Reciprocity is an effective and common-sense idea
Senators Ted Cruz (R-Texas) and Mike Lee (R-Utah) have just introduced a bill that would implement an idea that I have long championed: making drugs, devices, and biologics that are approved in other developed countries also approved for sale in the United States.
- Amending the Food, Drug and Cosmetic Act to allow for reciprocal approval of drugs, devices and biologics from foreign sponsors in certain trusted, developed countries including EU member countries, Israel, Australia, Canada and Japan.
- Encouraging the FDA to expeditiously review life-saving drug and device applications, this legislation would provide the FDA with a 30-day window to approve or deny a sponsor’s application….
- The HHS Secretary is instructed to approve a drug, device or biologic if the FDA confirms the product is:
- Lawfully approved for sale in one of the listed countries;
- Not a banned device by current FDA standards;
- There is a public health or unmet medical need for the product.
- If a promising application for a life-saving drug is declined Congress is granted the authority to disapprove of a denied application and override an FDA decision with a majority vote via a joint resolution.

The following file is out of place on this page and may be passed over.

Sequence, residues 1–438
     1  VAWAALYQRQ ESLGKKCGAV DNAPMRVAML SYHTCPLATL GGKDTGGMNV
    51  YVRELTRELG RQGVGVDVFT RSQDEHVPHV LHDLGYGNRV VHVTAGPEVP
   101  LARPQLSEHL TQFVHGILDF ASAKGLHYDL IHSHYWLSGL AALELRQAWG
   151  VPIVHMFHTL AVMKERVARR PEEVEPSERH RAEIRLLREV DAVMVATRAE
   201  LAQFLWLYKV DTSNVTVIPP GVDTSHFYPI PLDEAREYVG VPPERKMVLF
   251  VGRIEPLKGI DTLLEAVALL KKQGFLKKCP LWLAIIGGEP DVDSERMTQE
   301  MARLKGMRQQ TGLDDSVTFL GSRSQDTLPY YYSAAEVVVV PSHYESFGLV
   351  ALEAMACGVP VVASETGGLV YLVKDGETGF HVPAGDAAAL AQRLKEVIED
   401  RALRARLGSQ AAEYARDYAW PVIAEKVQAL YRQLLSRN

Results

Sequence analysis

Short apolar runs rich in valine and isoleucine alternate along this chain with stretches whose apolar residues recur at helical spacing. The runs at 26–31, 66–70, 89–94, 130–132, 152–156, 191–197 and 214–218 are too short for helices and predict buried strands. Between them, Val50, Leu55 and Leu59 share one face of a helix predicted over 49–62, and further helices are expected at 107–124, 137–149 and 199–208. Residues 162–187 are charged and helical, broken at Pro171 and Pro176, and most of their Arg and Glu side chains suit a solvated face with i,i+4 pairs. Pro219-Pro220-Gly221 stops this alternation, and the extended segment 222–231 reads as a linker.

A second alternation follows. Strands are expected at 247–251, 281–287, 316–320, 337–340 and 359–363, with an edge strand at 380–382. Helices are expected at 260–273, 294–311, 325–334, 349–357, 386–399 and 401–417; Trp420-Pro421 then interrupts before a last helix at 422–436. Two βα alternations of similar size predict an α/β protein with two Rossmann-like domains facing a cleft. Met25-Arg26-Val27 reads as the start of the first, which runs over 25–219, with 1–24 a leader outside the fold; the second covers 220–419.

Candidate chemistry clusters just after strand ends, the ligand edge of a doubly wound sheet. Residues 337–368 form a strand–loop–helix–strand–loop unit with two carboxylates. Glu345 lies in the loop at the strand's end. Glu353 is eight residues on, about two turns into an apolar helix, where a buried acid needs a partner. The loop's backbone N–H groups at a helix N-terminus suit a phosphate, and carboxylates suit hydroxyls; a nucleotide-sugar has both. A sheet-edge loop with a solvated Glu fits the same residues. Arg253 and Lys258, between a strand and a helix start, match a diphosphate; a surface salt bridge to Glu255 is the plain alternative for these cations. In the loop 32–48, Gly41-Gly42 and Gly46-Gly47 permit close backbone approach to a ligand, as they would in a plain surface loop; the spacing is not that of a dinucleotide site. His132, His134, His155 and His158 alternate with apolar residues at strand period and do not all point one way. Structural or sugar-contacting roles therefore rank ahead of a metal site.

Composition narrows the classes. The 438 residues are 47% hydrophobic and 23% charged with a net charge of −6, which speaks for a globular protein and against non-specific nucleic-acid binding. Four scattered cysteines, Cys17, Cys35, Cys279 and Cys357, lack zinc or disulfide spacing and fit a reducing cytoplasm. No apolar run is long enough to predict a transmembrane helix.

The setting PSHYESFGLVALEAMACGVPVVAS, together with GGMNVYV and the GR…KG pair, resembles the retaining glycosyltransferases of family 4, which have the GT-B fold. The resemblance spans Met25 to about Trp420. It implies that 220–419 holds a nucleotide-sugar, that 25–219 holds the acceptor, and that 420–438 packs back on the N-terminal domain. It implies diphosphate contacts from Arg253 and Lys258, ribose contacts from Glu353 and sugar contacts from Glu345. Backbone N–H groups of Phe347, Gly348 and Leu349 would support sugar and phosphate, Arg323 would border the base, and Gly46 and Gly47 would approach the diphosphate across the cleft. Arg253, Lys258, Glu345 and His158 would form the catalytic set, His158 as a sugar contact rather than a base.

In explaining why he introduced the bill, Senator Cruz argued:
We continue to lose far too many of our loved ones to the “invisible graveyard,” as economist Alex Tabarrok has described: lives that could have been saved but for a bureaucratic barrier that rejects medical cures and innovation…
The bill I am introducing takes the first step to reverse this trend. It provides for reciprocal drug approval, so that cures and medical devices that are already approved in other countries can more expeditiously come to the U.S.
Alex Tabarrok is a professor of economics at George Mason University. He blogs at Marginal Revolution with Tyler Cowen.